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Testing for Session puzzling (OTG-SESS-008)

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Brief Summary

Session Variable Overloading (also known as Session Puzzling) is an application level vulnerability which can enable an attacker to perform a variety of malicious actions not limited to:

  • Bypass efficient authentication enforcement mechanisms, and impersonate legitimate users.
  • Elevate the privileges of a malicious user account, in an environment that would otherwise be considered foolproof.
  • Skip over qualifying phases in multiphase processes, even if the process includes all the commonly recommended code level restrictions.
  • Manipulate server-side values in indirect methods that cannot be predicted or detected.
  • Execute traditional attacks in locations that were previously unreachable, or even considered secure.

Description of the Issue

This vulnerability occurs when an application uses the same session variable for more than one purpose. An attacker can potentially access pages in an order unanticipated by the developers so that the session variable is set one one context and then used in another.

For example an attacker could use session variable overloading to bypass authentication enforcement mechanisms of applications that enforce authentication by validating the existence of session variables that contain identity–related values, which are usually stored in the session after a successful authentication process. The authentication bypass attack vector could be executed by accessing a publicly accessible entry point (e.g. a password recovery page) that populates the session with an identical session variable, based on fixed values or on user originating input.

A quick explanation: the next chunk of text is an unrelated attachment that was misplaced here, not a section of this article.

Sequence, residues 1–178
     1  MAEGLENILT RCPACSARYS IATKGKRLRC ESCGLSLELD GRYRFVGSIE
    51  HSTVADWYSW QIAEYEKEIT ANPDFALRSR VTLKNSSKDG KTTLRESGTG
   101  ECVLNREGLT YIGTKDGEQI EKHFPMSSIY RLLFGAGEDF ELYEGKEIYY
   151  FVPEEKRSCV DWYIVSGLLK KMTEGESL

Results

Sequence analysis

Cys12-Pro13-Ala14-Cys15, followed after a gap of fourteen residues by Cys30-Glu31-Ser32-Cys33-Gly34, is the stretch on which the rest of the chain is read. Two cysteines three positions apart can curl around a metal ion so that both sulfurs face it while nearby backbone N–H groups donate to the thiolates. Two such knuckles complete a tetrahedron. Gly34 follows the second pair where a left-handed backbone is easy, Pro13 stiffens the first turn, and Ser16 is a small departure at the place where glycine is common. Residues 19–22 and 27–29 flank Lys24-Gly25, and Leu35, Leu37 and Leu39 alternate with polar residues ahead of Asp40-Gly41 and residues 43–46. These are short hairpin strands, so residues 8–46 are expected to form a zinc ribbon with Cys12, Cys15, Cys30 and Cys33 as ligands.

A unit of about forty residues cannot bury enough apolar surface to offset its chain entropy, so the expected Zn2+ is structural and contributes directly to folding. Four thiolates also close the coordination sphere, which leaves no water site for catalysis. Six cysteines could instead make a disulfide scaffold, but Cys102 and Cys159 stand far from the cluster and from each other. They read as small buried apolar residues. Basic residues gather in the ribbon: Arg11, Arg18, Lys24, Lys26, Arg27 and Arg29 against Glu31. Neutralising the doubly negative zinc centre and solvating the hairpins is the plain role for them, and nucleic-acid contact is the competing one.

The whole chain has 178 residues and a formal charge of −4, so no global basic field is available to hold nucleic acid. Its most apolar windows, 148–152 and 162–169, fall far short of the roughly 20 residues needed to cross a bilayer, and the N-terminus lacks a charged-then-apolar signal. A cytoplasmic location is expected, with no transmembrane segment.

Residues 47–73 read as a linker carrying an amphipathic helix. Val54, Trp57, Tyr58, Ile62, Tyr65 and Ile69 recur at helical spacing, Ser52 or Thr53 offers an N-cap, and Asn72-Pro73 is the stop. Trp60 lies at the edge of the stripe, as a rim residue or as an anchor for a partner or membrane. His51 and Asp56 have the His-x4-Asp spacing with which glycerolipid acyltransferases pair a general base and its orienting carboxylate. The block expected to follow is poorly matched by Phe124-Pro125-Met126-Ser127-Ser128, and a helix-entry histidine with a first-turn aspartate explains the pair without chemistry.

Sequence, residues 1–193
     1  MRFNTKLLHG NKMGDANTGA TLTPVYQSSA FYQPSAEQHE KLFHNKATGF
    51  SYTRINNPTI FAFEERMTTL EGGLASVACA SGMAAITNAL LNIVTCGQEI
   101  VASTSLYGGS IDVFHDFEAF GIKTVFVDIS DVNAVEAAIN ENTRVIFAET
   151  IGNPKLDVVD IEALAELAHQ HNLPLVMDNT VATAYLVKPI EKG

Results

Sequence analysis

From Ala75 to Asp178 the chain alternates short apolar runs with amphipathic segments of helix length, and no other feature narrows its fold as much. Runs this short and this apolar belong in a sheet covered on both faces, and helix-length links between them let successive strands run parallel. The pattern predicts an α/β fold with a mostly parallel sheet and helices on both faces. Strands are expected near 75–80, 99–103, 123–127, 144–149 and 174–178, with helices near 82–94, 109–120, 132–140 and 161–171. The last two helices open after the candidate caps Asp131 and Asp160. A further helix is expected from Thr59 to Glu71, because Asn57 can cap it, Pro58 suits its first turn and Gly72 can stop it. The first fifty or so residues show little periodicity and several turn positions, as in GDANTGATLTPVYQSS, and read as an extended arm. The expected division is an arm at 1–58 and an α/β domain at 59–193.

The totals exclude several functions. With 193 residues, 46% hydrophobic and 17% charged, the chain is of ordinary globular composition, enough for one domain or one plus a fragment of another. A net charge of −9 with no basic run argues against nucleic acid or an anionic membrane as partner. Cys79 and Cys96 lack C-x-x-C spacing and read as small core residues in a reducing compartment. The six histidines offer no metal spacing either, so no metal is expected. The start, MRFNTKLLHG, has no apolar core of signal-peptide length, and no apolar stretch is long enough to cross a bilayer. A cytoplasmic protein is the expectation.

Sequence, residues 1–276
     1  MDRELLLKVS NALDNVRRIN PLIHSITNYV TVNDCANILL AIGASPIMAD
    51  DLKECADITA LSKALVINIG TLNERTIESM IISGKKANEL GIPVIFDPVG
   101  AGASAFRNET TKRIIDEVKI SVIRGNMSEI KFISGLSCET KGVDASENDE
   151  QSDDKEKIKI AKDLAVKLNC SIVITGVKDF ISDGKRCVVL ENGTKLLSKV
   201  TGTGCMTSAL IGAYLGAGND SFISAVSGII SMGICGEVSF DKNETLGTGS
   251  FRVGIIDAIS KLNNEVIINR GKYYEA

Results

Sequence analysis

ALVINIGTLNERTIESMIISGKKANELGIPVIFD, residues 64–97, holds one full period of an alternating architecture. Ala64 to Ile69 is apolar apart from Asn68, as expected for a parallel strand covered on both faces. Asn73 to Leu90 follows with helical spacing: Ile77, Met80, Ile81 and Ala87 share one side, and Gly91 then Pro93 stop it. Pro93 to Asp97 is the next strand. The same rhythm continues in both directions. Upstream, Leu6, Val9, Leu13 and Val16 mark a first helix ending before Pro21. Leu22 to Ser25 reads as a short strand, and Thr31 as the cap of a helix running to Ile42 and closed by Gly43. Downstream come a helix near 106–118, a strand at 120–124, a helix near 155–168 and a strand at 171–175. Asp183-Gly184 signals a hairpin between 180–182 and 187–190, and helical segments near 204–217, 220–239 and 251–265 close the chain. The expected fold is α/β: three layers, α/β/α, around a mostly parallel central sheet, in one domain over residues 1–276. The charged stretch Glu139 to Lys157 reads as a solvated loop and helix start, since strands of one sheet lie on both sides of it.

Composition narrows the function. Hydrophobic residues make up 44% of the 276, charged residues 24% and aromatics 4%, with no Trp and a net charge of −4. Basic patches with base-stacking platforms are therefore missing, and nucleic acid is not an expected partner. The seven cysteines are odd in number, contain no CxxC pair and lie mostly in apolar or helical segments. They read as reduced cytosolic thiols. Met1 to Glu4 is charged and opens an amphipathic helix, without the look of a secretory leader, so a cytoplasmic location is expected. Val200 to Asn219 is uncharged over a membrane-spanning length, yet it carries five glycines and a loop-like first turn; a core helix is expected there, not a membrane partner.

Black Box Testing and Examples

This vulnerability can be detected and exploited enumerating all of the session variables used by the application and in which context they are valid. In particular this is possible by accessing a sequence of entry points. In case of black box test, obviously, this procedure is difficult and require also luck since every different sequence could leads to a different result.


A very simple example could be the password reset functionality that, in the initial entry point, could request to the user some indentifying information as the username or the e-mail. This page might then populate the session with these identifying values, which are received directly from the client side, or obtained from queries or calculations based on the received input. At this point there may be some pages, in the application, that show private data based on this session object. In this manner the attacker could bypass the authentication process.

Gray Box testing and example

The most effective way to detect these vulnerabilities is via a source code review.


Session variables should only be used for a single consistent purpose.